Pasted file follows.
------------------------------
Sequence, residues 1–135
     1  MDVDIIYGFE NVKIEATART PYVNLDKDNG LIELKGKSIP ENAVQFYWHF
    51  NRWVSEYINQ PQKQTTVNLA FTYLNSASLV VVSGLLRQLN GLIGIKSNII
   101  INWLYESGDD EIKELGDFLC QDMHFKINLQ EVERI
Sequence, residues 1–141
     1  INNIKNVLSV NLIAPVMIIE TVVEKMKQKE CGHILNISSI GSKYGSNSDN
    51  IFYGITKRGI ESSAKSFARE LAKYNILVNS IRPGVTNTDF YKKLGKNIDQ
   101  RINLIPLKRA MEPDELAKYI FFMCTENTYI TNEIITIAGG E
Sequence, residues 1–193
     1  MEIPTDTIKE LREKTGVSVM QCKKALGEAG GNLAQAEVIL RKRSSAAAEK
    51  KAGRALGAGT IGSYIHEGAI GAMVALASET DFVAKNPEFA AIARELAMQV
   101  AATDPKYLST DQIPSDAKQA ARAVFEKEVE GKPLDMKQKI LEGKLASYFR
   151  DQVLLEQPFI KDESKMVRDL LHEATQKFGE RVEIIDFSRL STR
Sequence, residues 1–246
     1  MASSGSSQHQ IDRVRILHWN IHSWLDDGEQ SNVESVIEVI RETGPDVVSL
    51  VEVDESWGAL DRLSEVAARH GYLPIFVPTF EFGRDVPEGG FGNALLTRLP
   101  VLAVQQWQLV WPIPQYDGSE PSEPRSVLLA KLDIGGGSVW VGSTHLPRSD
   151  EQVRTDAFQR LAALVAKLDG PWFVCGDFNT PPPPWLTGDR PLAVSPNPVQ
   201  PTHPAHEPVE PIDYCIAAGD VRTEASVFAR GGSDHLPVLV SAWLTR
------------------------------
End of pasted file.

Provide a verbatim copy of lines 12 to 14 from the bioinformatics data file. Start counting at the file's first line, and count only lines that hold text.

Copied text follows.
   101  AATDPKYLST DQIPSDAKQA ARAVFEKEVE GKPLDMKQKI LEGKLASYFR
   151  DQVLLEQPFI KDESKMVRDL LHEATQKFGE RVEIIDFSRL STR
Sequence, residues 1–246